Canada’s Harper outlines class war agenda at Davos forum
28 January 2012
In a speech Thursday to the Davos World Economic Forum, Canadian Prime Minister Stephen Harper pledged that his Conservative government will pursue a “transformative” big business agenda—austerity and tax cuts, radical regressive changes to public health care and pensions, and deregulation. In short, a social policy counter-revolution.
With a significant cross-section of the world’s financial elite in the audience, Harper touted Canada as a haven for investors, where businesses already enjoy the lowest taxes on new investment of any G-7 country. But, he vowed, “We will do more, much more.”
Claiming that Canada’s prosperity and that of all developed countries is at risk, Harper said his government is primed to make the “hard” choices needed to sustain “economic growth, job creation and prosperity, now and for the next generation.”
Harper’s assertion that “jobs” are his government’s “number-one policy priority” is a transparent lie. Under the capitalist system that Harper so unabashedly promotes, all of socio-economic life is subordinated to big business’ pursuit of profit. The aim of his government is not to create jobs, but to maximize profits and investor returns by removing all regulatory restraints on capital, shifting an ever-larger portion of the tax burden onto working people and eliminating what remains of the rights workers wrested from big business and their governments in the great social struggles of the last century.
During the past year, Europe’s governments, whether openly right-wing or social-democratic, have implemented brutal austerity measures in the face of massive working class opposition and have increasingly resorted to authoritarian methods to do so.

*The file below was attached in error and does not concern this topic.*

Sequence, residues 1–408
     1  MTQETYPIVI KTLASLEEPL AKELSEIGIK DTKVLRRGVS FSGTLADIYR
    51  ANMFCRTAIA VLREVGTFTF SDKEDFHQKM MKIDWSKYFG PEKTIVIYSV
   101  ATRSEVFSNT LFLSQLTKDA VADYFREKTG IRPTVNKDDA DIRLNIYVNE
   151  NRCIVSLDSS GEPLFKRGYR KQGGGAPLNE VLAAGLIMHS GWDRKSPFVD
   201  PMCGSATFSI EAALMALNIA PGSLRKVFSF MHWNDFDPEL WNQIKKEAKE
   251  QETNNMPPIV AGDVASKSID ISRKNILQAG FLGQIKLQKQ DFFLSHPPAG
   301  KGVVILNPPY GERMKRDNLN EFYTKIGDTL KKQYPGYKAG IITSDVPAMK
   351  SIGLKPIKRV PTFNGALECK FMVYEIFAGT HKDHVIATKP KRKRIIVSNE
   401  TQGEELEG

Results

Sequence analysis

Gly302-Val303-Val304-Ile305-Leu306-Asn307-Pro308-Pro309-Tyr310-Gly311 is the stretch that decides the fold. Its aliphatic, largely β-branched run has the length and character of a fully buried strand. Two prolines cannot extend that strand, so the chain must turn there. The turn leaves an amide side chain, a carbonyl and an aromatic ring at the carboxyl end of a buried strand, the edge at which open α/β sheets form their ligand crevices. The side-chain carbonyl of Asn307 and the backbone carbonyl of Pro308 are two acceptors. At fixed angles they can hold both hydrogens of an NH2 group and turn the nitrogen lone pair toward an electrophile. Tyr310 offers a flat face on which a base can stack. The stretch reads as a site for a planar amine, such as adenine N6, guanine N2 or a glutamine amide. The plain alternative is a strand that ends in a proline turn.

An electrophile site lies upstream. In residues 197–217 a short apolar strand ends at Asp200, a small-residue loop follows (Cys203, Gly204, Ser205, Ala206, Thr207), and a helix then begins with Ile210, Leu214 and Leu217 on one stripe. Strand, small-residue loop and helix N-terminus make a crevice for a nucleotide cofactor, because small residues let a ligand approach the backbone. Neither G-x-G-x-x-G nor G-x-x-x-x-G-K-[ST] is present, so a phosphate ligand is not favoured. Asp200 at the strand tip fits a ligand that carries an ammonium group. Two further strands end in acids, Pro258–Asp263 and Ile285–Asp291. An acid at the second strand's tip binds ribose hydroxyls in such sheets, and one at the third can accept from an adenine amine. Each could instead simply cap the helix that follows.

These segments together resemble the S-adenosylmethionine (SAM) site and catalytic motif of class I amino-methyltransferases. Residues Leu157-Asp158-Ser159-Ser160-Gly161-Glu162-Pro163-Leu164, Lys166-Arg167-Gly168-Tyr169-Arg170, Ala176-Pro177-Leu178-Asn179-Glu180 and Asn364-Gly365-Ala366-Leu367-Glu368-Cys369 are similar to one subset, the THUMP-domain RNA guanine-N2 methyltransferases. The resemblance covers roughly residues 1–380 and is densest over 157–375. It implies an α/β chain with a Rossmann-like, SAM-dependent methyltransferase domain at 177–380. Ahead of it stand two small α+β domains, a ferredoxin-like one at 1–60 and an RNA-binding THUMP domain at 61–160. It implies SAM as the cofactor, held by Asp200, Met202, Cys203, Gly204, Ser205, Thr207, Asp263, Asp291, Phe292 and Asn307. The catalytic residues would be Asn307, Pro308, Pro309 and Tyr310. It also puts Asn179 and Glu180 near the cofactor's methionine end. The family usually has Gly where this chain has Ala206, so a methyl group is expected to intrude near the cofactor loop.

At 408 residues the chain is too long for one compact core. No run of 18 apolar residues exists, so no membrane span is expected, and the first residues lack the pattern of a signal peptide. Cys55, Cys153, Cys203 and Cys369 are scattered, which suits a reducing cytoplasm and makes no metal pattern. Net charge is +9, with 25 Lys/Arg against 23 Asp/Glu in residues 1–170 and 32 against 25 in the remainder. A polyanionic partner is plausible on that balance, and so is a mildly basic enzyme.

Yet in a chilling display of the scope and scale of the anti-working class offensive being prepared by Canada’s elite, Harper contrasted his government’s resolve to promote “economic growth” with the purported focus of many unnamed Western governments on providing “services and entitlement.”
Like his US and European counterparts, Canada’s prime minister was prepared at the height of the financial meltdown of 2008 to put all the financial resources of the state at the disposal of the financial aristocracy, whose rampant speculation and profiteering triggered the crisis. Now, he baldly asserts that the underlying problem dragging down the world economy is excessive social spending, “too much general willingness to have standards and benefits beyond our ability, or even willingness to pay for them.”
Already last year, the Conservative government served notice that the 2012-13 budget, which is to be tabled in late February or March, will institute sweeping social spending cuts. However, Harper, Finance Minister Jim Flaherty, and Treasury Board President Tony Clement have recently made it known that these cuts will go far beyond the Conservatives’ initial target of a $4 billion annual reduction in federal discretionary spending. Government spokesmen are now suggesting that the cuts will be closer to $8 billion per annum. So as to spare the military and criminal justice system, many other programs and departments will have their budgets slashed by 10 percent or more. According to one reputable analysis, even a $4 billion annual spending cut would translate into the loss of more than 50,000 federal public-sector jobs within three years.